IF they go bust, other carriers will honor the tickets... that's the way it usually works. Delta honored my worthless Legend ticket.

Many people may not know this, but it is law that the airlines must honour tickets by out of business carriers, unless... they do not have spare seats on the flights to give you.

Therefore do not assume that your ticket will be easily swallowed up as most of the carriers are pretty full in December with holiday traffic. For example, during Thanksgiving weekend, Continental had a 93.4% load factor on one of the days, this means that across the network, 93.4% of all seats were taken by revenue passengers or miles cash in. Many people often think this is that every flight has 93%, but in truth, most of them are 100% with some lower market areas having 60-70% bringing the % down

Jeremy


User currently offlineN757st From United States of America, joined Feb 2002, 384 posts, RR: 0
Reply 17, posted (11 years 11 months 2 weeks 1 day 7 hours ago) and read 1902 times:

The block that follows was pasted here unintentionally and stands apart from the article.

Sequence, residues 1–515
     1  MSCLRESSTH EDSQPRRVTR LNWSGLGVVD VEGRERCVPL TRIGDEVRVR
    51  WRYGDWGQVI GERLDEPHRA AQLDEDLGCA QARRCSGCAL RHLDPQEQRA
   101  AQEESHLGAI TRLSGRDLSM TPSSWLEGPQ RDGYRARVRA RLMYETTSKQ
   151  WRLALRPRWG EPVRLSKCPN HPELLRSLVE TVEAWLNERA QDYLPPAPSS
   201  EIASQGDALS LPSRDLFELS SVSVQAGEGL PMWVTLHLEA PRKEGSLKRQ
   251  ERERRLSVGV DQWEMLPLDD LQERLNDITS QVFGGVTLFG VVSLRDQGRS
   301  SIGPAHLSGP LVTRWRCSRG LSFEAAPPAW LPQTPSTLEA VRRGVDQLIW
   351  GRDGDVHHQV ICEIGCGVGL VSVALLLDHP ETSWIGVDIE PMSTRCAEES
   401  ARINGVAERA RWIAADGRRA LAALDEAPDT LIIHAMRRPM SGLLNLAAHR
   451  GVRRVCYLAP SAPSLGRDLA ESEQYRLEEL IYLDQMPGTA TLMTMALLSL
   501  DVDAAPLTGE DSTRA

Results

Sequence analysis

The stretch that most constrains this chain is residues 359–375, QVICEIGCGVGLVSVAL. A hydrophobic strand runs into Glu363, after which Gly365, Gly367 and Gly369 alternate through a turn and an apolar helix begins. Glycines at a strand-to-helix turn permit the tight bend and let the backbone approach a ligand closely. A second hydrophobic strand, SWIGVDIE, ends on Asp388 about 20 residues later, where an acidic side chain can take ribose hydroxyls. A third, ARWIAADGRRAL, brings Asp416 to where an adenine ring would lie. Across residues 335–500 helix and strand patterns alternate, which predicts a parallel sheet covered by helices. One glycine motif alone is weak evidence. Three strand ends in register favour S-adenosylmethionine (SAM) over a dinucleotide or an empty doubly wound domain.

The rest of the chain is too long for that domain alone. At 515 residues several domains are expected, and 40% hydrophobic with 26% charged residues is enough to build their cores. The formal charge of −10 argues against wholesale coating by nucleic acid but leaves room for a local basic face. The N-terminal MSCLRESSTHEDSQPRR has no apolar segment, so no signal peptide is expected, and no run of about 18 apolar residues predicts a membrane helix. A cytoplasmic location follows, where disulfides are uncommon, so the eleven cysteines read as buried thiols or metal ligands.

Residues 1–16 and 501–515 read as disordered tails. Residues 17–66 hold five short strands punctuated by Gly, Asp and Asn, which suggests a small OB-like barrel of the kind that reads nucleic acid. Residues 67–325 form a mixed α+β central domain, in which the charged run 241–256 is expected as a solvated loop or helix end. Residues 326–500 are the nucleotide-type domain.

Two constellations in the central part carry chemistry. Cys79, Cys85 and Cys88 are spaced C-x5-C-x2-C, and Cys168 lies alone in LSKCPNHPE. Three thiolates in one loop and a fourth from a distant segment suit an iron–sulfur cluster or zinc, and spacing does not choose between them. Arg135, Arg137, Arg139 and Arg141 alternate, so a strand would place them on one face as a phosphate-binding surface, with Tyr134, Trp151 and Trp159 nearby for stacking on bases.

Well, the only reason that I am going is to visit a friend at ERAU and to go look at some colleges I am considering transferring into, so if they do go down it is not like I am missing a buisness meeting... no ID90, damn I wish... but my father has a couple reward tickets on american and is a high volume buisness travelor, so maybe american can help me out... oh well, wait and see I guess.

User currently offlineHkgspotter1 From Hong Kong, joined Nov 2005, 0 posts, RR: 0
Reply 18, posted (11 years 11 months 2 weeks 1 day 7 hours ago) and read 1904 times:

Two things from me:

1) Its TITS UP.

2) I hope your flights are OK.


User currently offlineClipper471 From United States of America, joined Jan 2002, 726 posts, RR: 0